From virtually no access to a flexible capital markets system, entrepreneurs in emerging markets can benefit from a new generation of democratized and tokenized investments in private companies, and this could be made possible by the implementation of ICO strategies.
Tokenized capital markets in emerging markets can accelerate a leapfrog effect for growing startup ecosystems by placing young entrepreneurs and their businesses at the center of their countries’ growth. He notes that despite the potential, ICOs still have their training wheels on and need to find a meeting ground between existing conventional equity/debt systems and new and innovative tokenized ones.
The New Year has started with a bang for cryptocurrencies as most of them are posting gains again on day three of 2018 during the Asian trading session. Bitcoin itself has had a shaky start but crypto fervor is still strong as a number of companies are getting onboard the blockchain train.
In an effort to boost stocks Hooters Restaurants’ investor Chanticleer has announced plans to offer customers virtual currency in return for eating at their restaurants according to a report by Fortune.
BOUNCING BITS AND BLOCKCHAINS
Small cap stock companies can see significant gains by announcing links to Bitcoin and blockchain technology. The results from this announcement were pretty instant as investors deemed Chanticleer 50% more valuable following it. The current market value of the franchiser stands at $12 million and stock has jumped from $2.5 to over $3.75 in less than a week according to NASDAQ.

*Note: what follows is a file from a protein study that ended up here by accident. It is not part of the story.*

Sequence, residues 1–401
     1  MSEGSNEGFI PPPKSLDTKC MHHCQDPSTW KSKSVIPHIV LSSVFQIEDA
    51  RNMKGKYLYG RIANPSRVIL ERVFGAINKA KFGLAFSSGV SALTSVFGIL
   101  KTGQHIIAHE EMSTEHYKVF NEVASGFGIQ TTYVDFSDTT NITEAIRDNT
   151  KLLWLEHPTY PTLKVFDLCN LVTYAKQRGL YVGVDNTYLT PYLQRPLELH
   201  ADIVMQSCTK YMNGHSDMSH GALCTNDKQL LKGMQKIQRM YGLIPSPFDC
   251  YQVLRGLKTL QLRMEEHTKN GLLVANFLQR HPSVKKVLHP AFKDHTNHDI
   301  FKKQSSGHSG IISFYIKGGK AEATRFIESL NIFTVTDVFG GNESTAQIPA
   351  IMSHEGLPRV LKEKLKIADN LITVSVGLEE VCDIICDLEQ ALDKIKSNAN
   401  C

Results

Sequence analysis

The company intends to use Mobivity Holding’s blockchain system to create a cryptocurrency based loyalty program for Hooters diners.
CEO of marketing platform Mobivity, Dennis Becke, said;
Eating a burger is now a way to mine for cryptocoins! Every meal enjoyed at any Chanticleer Holdings brand will accrue currency for the consumer that can be used for future meals or traded with other consumers.
Blockstack’s initial coin offering (ICO) has officially closed, with the company announcing today it has raised $50 million through the sale of 440 million tokens.
Launched in November, the sale saw investors – including Union Square Ventures (USV), Foundation Capital, Lux Capital, Winklevoss Capital, Blockchain Capital, Digital Currency Group, Y Combinator partner Qasar Younis, Techcrunch founder Michael Arringtonand Digg founder Kevin Rose – fund Blockstack’s particular vision for a decentralized web built on blockchain technology.
Still, in statements, the Blockstack team was keen to stress that those involved are best thought of as long-term partners, all of whom agreed to take long positions in its new cryptocurrency.
For example, Blockstack said the largest investment came from an undisclosed endowment, which secured a $6 million allocation after agreeing to a four-year lock-up for half of its allocation (other investors had a two-year lockup, with a $3 million maximum).
Co-founder Muneeb Ali told CoinDesk:
“I think it’s more like a funding round, with high-quality sophisticated investors, rather than random people just throwing money at something,”
Brussels is taking a “soft touch” approach to regulating blockchain as it explores the technology’s applications across government services.
The European Commission is approaching blockchain with “acceptance and support but a healthy degree of caution” said Romanian member of the European Parliament Sorin Moisa speaking at an event in London in Tuesday.
He also said that a warning on initial coin offerings issued by the European financial watchdog earlier this month and which said they would be treated as securities would not apply to utility tokens. These differ from cryptocurrencies in that they facilitate a transaction rather than having an intrinsic value in themselves.